Your privacy is one of your most important assets online. For every service you use, from your bank to Facebook, make sure that you understand how their security and privacy policies affect you and lock down information such as your physical address and home phone number so that only people you want contacting you can do so.

Reducing the amount of information publicly available about you and keeping up with a few easy Internet security tips will go a long way to keeping you safe… from yourself. 🙂

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Online Crooks Spread Holiday Scams, Not Cheer.

Online Crooks Spread Holiday Scams, Not Cheer.

If it’s the end of the year then that means it’s time for Christmas, Hanukkah, Kwanzaa, and the annual ramp up of holiday-related scams, phishing, and other related online naughtiness. If only Santa had enough room on his Naughty List for all of the digital scammers!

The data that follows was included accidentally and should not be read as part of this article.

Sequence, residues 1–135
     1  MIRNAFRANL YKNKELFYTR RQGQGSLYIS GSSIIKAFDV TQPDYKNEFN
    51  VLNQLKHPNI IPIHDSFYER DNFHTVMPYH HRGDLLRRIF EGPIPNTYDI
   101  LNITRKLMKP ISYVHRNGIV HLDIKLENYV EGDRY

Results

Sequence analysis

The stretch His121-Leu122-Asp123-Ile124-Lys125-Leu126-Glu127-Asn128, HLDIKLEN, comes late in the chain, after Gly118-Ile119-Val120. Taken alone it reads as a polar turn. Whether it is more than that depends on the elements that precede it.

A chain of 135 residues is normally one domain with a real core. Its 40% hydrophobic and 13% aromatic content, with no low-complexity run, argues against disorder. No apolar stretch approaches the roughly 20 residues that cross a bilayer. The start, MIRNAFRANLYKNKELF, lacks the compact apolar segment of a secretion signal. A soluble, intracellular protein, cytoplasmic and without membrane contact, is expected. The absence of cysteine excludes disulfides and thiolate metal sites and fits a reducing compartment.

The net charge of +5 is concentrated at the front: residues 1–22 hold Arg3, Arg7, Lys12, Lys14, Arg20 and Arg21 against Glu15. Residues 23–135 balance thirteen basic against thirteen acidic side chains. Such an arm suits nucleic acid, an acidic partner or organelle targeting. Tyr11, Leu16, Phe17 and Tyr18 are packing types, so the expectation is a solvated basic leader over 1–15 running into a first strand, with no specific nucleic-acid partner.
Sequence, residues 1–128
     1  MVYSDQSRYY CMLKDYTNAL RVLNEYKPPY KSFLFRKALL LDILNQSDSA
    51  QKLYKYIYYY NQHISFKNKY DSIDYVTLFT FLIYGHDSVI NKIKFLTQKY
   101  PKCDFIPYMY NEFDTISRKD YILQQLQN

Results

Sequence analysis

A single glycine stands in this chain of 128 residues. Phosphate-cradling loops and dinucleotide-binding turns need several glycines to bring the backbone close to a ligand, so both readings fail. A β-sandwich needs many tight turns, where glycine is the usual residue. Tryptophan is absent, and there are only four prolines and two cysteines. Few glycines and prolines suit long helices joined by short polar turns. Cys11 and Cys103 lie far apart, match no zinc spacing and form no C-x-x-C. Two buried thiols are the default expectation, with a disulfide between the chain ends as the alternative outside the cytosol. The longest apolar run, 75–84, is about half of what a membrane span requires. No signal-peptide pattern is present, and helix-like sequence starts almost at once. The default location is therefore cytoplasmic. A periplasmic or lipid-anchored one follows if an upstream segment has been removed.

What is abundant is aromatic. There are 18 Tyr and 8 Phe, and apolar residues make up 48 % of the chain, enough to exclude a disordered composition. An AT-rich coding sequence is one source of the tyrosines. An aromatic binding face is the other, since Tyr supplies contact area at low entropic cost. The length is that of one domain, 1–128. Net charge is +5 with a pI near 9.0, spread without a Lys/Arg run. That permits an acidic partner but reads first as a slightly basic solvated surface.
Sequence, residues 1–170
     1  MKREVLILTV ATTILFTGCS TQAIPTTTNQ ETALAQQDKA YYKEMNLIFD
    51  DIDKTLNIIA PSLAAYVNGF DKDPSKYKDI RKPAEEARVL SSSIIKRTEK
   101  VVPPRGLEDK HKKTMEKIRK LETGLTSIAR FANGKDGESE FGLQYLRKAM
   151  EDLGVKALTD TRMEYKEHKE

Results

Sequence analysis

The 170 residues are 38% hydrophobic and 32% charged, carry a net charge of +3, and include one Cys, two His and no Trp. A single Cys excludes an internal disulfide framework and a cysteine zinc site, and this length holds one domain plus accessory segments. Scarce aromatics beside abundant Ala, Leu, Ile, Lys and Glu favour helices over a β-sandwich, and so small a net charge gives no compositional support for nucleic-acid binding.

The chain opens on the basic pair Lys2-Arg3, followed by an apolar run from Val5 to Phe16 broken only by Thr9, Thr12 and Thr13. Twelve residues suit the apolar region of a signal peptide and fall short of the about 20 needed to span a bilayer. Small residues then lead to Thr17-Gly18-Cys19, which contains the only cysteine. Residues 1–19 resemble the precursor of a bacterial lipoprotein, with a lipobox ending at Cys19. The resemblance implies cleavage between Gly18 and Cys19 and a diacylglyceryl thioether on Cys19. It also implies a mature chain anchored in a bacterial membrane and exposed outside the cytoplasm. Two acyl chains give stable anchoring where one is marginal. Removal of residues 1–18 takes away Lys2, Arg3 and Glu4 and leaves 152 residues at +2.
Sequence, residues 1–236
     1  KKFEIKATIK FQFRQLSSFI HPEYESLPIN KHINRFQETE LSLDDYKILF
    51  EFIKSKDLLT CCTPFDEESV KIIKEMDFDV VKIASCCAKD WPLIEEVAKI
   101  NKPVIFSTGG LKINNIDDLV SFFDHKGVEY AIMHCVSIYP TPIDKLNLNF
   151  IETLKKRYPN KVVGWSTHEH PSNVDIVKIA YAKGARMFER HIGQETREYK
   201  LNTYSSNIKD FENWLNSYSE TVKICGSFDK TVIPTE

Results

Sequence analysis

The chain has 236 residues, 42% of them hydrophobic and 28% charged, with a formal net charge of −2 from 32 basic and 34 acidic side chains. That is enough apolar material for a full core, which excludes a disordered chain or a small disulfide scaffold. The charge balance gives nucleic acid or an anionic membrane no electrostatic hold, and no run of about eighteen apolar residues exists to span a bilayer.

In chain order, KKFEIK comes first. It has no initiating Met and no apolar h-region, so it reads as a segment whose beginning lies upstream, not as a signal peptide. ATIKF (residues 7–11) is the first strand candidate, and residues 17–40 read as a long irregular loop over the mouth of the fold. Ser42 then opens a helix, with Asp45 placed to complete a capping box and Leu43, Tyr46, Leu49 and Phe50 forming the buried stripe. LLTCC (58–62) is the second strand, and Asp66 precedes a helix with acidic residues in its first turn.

It seems like every year the “bad kids” of the online world all seem to come together to get some year-end maliciousness out of their system. Increases in email spam, fake friend requests on social networking sites, and identity theft are part and parcel for the holiday season and this year is no different. If anything the current economic problems in America and the rest of the world make us all more likely to be a victim of holiday scams since we’re all on the hunt for great deals and looking for a way to stretch our holiday budgets.

Here’s a breakdown of some of the more common scams, schemes, and potential problems that you’ll find this year:

  • Fake gift cards

    A perennial favorite, fake gift cards are often touted as being sold for cheaper than their original price (e.g. a $25.00 gift card being sold for $10.00), but many times are either completely fake, stolen and worth no money, or have had most if not all of their value used already. We suggest that you avoid these at all cost unless you get them from the store they are actually from (like gift cards) or another reputable vendor.